Sint Martens-Latem, Belgium – Winning a classic long-distance race… obtaining top rankings in the national championships… these things seem to come naturally to Etienne Meirlaen!

Etienne was able to buy himself a little piece of paradise on the river Leie, and in 2000, from above the stables of his splendidly restored farmhouse, he made a spectacular start in the extra long-distance races.
In 2006, he won the prestigious ‘Gouden Vleugel’ of the Barcelona-Club in Brugge… in 2007, he won 1st International San Sebastian against 1,995 pigeons… in 2011, 1st International Narbonne against 13,779 pigeons… and now, in 2012, he won 1st National Cahors against 8,401 pigeons with ‘Conar’.

In between these feats Etienne won 1st International Perpignan ’09 against 3,841 pigeons… and his track record was adorned even further with 1st National Ace K.B.D.B. extra long-distance 2009… 1st National Ace K.B.D.B. extra long-distance 2008… 2nd National Champion long-distance K.B.D.B. 2010… 3rd National Ace extra long-distance K.B.D.B. 2008… and 5th National Ace long-distance K.B.D.B. 2010!
Not that easy at all Etienne says… for that to happen, you need very good pigeons in excellent form!

He bought his very good pigeons for the extra long-distance from Van Damme-Boddaert… and from the late Antoine Vanhove from Loppem. For the even more difficult races, he looked for strengthening bloodlines at Cor de Heijde from Made… and Wijnands and Son from Maastricht, both in the Netherlands. Also a pigeon from Sylvere Toye, out of the ‘Invincible Montauban’ from M. & G. Casaert proves to be a real super breeder.

And to get those good pigeons in form, you’ll have to work at it for 365 days a year.

The 2012 season was started with a team of 40 old widowers and 23 old hens… also 40 yearling cocks plus 28 yearling hens. Etienne is a widowhood cock racer at heart… although he also races with hens from Barcelona and Perpignan.
The first and only pairing takes place at ‘Lichtmis’ (2nd February)… the widowers rear one young… there is no more laying of eggs… and then widowhood begins! Mid April, training is started… and after being taken out by car four times, the club basket is made ready. They fly 50 km… Arras… Noyon… Clermont… Dourdan… Vierzon… national Chateauroux… then the racing team is split up and the rest of the races are raced.

In between two races of 600/700 km there is a rest period of two weeks… in between two long-distance classics, the birds get three to four weeks rest.

After returning from a race, the pigeons are fed with sport mixture from Versele… after two days this is switched to 1/2 sport + 1/2 Super diet and cleansing. One week before basketing, they are back on sport mixture again.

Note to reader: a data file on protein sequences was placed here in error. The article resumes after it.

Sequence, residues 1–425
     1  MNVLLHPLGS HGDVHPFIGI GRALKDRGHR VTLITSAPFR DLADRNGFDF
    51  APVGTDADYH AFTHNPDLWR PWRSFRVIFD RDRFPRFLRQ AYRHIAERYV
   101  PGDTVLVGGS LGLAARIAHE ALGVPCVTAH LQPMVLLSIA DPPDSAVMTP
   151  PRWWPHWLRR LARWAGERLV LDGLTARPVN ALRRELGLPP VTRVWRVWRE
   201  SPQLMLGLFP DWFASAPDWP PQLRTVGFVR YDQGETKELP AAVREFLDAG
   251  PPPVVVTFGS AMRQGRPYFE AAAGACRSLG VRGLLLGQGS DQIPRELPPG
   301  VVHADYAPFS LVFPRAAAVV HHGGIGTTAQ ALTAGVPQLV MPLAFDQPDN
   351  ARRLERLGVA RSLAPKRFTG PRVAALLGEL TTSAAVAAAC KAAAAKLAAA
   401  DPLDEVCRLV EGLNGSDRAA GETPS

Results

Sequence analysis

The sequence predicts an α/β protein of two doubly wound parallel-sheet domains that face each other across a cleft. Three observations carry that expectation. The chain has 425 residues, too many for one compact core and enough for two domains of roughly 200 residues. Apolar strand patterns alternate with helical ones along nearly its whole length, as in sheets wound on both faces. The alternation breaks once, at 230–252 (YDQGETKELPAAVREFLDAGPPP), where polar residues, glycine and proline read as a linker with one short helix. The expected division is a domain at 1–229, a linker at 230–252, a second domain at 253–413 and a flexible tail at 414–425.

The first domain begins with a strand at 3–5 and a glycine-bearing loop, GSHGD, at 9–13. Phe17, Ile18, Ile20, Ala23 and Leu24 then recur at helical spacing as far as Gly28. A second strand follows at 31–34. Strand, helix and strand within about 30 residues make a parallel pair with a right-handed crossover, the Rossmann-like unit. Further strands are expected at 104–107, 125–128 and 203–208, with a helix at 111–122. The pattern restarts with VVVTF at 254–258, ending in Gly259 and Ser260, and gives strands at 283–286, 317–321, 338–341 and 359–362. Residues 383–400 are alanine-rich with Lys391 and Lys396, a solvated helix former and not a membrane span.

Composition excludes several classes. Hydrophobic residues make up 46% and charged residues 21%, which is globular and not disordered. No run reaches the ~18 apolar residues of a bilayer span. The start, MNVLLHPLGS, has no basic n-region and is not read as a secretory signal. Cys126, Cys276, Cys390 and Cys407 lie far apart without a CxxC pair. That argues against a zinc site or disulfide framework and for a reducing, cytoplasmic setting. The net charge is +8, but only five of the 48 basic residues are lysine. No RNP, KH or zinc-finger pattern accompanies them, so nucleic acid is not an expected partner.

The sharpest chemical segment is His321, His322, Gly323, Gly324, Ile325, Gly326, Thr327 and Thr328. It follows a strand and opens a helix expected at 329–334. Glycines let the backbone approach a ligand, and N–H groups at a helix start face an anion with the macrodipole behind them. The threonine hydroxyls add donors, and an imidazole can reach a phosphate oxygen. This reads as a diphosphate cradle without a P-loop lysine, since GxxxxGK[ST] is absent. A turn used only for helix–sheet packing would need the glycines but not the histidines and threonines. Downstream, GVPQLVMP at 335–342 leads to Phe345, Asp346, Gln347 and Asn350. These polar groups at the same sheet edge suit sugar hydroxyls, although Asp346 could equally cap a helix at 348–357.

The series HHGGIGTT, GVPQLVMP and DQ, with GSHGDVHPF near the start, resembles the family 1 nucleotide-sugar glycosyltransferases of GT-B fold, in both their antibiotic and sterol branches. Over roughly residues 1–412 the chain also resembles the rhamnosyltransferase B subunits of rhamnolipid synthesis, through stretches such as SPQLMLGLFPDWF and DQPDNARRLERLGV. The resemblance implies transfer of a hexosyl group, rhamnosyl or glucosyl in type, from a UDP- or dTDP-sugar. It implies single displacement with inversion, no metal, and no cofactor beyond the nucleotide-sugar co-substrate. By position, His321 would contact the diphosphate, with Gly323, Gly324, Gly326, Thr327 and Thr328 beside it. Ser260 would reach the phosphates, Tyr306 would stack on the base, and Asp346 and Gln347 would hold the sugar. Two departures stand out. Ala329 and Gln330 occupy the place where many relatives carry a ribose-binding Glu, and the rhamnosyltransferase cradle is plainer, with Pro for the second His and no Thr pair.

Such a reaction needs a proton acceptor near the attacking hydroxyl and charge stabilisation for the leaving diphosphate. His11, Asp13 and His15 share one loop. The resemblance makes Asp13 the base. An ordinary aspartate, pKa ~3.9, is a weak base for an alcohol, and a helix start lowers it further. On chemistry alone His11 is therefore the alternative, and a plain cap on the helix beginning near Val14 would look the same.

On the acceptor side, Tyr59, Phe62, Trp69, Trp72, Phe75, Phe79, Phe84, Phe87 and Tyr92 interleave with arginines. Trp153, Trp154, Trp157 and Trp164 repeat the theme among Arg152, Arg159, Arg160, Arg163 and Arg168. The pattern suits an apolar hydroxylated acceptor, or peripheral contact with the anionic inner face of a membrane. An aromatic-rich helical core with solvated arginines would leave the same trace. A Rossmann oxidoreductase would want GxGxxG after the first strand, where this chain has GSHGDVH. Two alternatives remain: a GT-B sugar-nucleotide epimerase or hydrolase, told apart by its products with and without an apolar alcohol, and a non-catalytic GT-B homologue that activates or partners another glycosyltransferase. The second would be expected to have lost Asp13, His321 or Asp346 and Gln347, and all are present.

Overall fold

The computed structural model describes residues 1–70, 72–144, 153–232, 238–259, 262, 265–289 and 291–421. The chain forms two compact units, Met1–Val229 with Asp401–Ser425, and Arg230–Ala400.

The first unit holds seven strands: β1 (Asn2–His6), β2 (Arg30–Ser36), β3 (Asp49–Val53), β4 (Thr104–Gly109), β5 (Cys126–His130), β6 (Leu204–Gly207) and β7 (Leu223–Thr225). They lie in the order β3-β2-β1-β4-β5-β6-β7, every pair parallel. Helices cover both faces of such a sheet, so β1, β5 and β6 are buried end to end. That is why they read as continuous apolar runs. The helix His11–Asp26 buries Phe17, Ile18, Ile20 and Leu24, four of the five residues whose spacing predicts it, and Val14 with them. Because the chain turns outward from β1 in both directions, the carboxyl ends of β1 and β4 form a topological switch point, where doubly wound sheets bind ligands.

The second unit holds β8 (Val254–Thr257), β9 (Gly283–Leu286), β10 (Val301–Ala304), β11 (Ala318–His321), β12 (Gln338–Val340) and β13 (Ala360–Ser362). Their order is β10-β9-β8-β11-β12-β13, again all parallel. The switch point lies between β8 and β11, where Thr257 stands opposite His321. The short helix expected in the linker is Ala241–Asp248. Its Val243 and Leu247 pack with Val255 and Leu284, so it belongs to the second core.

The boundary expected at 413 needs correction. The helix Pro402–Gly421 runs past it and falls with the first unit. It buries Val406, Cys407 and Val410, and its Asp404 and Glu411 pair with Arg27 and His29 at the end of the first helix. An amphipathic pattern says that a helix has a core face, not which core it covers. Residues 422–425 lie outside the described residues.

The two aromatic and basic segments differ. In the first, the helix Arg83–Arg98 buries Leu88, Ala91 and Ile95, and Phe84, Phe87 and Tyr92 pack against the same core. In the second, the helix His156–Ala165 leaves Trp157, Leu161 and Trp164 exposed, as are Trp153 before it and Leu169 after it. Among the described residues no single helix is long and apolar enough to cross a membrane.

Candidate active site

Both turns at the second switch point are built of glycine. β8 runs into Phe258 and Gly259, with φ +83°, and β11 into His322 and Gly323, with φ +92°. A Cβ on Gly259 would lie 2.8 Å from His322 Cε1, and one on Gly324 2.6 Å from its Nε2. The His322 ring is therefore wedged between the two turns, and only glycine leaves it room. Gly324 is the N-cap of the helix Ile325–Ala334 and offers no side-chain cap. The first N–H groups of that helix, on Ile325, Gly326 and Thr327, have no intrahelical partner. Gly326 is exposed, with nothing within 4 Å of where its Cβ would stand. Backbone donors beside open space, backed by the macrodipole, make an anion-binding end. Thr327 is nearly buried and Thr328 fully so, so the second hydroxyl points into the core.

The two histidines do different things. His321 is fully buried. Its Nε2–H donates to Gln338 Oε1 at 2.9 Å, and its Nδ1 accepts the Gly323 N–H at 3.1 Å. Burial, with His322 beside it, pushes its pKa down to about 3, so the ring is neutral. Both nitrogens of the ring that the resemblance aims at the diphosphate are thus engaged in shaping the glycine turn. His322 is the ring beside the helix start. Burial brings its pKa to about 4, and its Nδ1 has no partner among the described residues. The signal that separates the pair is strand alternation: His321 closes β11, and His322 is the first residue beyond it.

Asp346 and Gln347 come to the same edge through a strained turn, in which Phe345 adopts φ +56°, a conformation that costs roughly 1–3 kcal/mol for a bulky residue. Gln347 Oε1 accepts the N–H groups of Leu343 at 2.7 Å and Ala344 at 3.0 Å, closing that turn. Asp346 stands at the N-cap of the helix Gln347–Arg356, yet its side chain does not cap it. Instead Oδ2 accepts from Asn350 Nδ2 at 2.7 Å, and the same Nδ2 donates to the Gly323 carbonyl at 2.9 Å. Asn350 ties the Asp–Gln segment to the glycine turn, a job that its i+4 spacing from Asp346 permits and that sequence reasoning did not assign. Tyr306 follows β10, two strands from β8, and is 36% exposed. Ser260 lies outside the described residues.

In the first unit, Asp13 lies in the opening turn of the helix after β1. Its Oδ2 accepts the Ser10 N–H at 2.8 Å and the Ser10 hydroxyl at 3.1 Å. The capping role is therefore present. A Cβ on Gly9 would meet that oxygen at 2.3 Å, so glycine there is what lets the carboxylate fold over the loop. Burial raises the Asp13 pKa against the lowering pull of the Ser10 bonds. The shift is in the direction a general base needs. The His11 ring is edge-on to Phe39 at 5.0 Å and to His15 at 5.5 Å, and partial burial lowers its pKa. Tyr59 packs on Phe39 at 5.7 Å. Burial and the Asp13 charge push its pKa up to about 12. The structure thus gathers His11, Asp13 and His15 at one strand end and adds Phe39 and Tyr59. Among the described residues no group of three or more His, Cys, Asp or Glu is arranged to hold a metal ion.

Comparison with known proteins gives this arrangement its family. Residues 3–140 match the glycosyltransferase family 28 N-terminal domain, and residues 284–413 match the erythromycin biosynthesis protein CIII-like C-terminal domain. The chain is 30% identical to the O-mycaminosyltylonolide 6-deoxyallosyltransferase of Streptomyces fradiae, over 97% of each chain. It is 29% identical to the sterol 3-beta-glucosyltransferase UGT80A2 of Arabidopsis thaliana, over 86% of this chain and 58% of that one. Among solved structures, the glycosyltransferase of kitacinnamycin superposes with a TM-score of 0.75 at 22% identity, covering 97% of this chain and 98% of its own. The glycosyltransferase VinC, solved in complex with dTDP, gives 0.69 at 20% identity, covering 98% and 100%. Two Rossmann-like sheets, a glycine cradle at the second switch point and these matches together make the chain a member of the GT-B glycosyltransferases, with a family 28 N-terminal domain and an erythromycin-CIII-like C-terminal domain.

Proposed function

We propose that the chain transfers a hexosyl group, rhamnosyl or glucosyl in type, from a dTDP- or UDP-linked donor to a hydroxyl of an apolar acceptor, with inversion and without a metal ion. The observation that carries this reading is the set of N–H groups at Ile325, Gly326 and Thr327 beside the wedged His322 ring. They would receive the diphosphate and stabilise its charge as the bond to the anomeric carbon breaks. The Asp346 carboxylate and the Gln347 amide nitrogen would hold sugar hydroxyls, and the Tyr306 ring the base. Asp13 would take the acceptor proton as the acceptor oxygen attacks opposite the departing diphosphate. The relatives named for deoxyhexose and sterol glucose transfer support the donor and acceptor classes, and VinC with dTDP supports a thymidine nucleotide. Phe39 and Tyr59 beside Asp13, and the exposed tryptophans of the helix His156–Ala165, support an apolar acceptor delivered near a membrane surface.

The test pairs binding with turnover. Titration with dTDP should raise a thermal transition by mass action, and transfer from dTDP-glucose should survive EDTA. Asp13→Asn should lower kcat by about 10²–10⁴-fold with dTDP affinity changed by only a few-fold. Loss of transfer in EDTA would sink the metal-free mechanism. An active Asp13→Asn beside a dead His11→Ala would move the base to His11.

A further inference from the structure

The pigeons get ‘volle bak’ ( full feeding trough) in a joint feeding container for one hour… they can eat as much as they like, but all the food has to be eaten. Etienne spends 10 minutes per box on feeding… in several rounds the rations are put in the feeder… and this keeps the widowers eating. The last two days he puts Dextrotonic in the drinking water.
During the ‘rest weekends’, the cocks get to see their hen… at least once every two weeks!
Widowers returning from a race (in the evening or in the morning) are first put in a nest box with food and water… but without the hen. Half an hour after coming home, they go into the loft, where they sometimes stay with their hen for half a day. Before they leave for a race, cocks and hens come together for half an hour to an hour.

The week before the race from Limoges, the pigeons were treated against bronchial infections (Soludox) for four days. Before the start of the season there was a 5-day treatment against trichomonas… and during the racing season, the long-distance flyers get a tricho tablet (Oropharma) each time they return from a long-distance classic.

‘Conar’ (B10/4284640) is a two year old, blue athlete, who stands at the brink of his career and who had already shown a few glimpses of his talent. He entered the basket as 8th nominated of 12 pigeons… and naturally, he had to let the established order precede on the pooling sheet! But he didn’t hang his head like the Dutch football team… and in an impressive finish of 1,324.22 m.p.m. he showed himself as the boss over the whole contingent of 8,401 Cahors racers!
When just after five o’clock he returned to Sint Martens-Latem, he still went enthusiastically after a latecomer from Montlucon… and so lost at least a full minute.

And another observation from Etienne Meirlaen: “It is good news to clock a two year old before your older pigeons once in a while… because they are the future of your long-distance colony. The day when that doesn’t happen anymore, you are rapidly going downhill!”